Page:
The lieutenant explained that the “operator of the excavator was inside of the cab and turned to speak with the crew member on the ground. The operator of the excavator turned back to situate himself in the seat when a piece of his clothing caught a lever, which controlled the bucket on the excavator.” The lieutenant stated in a report that “the bucket, which was positioned inside the hole, moved forward and pinned the crew member against the wall.” A death investigation remains open.”
Workplace Safety Hazards
Automobile accidents cause unwanted consequences that could lead to permanent injury, loss of earnings, a disruption in daily living or a loss of life. Information released in 2009 by the U.S. Census Bureau revealed that nearly eleven million automobile crashes occurred that year in America. In recent years, the U.S. Department of Transportation and the state of Illinois have placed a much greater emphasis on roadway safety focusing on technology and statistics to minimize the number of accidents.
Automobile crashes and collisions are often the result of a range of factors including the driver’s abilities and decisions, the vehicle, and the conditions of the road. Highway and roadway planners consider these factors when developing new roadways and improving existing streets to enhance the motoring public’s safety. Their efforts usually involve engineering, traffic law enforcement, emergency medical services, and educating the public.
The April death of a construction worker killed by a falling beam has led OSHA to fine the worker’s employer and to issue multiple health and safety citations. According to OSHA, the company overstressed the beam during a demolition project, resulting in the beam’s failure. A commission has been set up to review OSHA’s findings and determine whether the fines and citations will stand and what additional measures will be taken by the Illinois Tollway. This particular case is representative of the form of negligence our Chicago construction accident attorneys see at Rosenfeld Injury Lawyers LLC on a routine basis and is why we fight so passionately on behalf of workers’ interests.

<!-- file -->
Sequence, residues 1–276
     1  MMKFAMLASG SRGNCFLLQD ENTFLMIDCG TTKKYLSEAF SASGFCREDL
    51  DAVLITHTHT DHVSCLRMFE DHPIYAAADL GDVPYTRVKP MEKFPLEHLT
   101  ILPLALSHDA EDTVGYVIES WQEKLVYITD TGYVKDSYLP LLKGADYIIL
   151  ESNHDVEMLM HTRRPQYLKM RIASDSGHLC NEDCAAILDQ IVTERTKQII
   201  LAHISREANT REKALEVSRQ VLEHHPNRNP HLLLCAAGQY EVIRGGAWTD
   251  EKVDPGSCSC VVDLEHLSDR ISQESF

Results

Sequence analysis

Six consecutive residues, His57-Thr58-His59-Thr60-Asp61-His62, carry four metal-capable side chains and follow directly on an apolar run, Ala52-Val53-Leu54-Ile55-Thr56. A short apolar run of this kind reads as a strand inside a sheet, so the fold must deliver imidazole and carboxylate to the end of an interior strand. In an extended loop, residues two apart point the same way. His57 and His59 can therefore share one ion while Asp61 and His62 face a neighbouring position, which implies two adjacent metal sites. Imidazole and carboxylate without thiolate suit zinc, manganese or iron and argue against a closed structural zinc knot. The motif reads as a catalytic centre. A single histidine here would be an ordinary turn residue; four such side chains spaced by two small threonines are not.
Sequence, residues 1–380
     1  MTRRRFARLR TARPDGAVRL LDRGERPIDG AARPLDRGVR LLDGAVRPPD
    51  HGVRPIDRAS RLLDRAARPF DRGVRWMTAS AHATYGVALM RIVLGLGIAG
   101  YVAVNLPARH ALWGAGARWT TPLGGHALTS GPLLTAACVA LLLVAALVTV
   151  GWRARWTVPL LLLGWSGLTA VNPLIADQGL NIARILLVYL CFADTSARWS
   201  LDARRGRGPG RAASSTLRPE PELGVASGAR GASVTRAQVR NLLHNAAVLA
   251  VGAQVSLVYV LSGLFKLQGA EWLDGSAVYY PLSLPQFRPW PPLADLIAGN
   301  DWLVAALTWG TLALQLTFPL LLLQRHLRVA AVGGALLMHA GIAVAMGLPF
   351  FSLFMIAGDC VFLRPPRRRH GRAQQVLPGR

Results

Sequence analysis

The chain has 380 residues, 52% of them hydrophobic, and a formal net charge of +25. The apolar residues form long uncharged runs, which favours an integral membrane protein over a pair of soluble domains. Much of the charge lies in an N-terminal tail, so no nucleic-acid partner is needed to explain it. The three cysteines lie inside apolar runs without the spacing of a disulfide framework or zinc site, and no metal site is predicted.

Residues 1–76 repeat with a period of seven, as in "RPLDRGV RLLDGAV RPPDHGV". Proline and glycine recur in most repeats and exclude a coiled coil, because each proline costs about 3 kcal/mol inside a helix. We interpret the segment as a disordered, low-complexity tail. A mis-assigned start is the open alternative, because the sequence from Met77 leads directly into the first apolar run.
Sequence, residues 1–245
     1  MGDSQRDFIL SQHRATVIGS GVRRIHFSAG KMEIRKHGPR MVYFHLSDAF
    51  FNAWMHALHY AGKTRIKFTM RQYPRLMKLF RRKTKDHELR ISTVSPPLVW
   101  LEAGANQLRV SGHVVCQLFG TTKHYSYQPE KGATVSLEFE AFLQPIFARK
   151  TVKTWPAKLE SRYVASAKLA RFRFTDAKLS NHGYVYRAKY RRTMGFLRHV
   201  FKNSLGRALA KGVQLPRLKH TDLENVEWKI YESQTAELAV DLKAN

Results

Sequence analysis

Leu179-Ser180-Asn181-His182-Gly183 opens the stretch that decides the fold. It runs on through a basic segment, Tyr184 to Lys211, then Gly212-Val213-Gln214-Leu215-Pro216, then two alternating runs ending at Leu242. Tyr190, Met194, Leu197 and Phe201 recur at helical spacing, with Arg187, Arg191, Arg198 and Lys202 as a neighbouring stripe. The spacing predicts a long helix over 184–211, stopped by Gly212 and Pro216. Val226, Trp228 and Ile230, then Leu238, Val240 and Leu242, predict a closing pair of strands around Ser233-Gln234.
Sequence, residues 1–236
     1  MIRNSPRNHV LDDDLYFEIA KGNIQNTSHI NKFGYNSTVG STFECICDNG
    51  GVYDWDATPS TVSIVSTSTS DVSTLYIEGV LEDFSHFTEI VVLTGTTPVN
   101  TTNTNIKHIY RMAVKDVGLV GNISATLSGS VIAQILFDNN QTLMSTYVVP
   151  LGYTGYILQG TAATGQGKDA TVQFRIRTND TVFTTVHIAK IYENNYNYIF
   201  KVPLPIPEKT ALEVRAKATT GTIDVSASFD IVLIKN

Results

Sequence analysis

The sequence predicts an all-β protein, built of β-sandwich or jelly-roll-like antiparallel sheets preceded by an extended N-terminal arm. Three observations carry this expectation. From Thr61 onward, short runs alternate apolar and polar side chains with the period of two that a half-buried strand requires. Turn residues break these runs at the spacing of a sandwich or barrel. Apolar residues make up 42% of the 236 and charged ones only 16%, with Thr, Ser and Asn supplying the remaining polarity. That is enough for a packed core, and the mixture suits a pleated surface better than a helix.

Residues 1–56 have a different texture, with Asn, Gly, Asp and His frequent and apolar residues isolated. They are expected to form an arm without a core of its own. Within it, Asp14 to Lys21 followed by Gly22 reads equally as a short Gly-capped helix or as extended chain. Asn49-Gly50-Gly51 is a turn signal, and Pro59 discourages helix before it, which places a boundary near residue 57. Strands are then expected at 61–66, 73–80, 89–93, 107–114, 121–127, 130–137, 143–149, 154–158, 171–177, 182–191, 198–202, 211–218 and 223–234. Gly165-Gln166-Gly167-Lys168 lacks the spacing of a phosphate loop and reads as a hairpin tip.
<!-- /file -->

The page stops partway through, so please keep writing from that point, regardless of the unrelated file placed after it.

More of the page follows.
Berwyn Resident Killed in Beam Collapse
47-year-old Vicente Santoyo was killed while working for Omega Demolition Corp. on the demolition of the I-90 bridge near Touhy Avenue. According to OSHA’s report of the events, he was cutting the bracing between two beams when one of them fell on top of him. Santoyo was among numerous workers injured in the incident, but the only one who died. OSHA determined that Omega Demolition was at fault for the incident and issued a fine for over $152,000 in addition to multiple health and safety citations.
Even though the temperature was hovering around freezing with a slight breeze blowing from the southeast on the morning of April 5, 2016, it was not the weather that claimed the life of Mr. Vincente Santoyo along Interstate 90 in Des Plaines. Instead, the Elgin Omega Demolition Corporation worker was tragically killed by a falling 45-ton beam at a freeway construction worksite. The incident also caused serious injuries to three other employees.
A report by the Chicago Tribune notes that construction site crew members were removing the beam by using heavy equipment on Touhy Avenue under the Jane Addams Memorial Tollway (Interstate 90) when the accident occurred. The critically injured 47-year-old victim was rushed to Advocate Lutheran General Hospital where he was later pronounced dead. The Chicago-area native had worked in the construction industry for more than two decades.
The incident occurred on the old westbound lanes portion of the interstate that is part of the massive reconstruction I-90 project. The construction job involving the widening of the existing roadway between Chicago and Elgin to eight lanes has caused massive traffic problems at the busiest times of the day. To complete the project, these lanes were temporarily closed down and traffic redirected on the eastbound portion of the road that had already been rebuilt and completed. It remains unclear if the incident that took the life of Mr. Santoyo will delay construction and the final completion of the freeway widening project.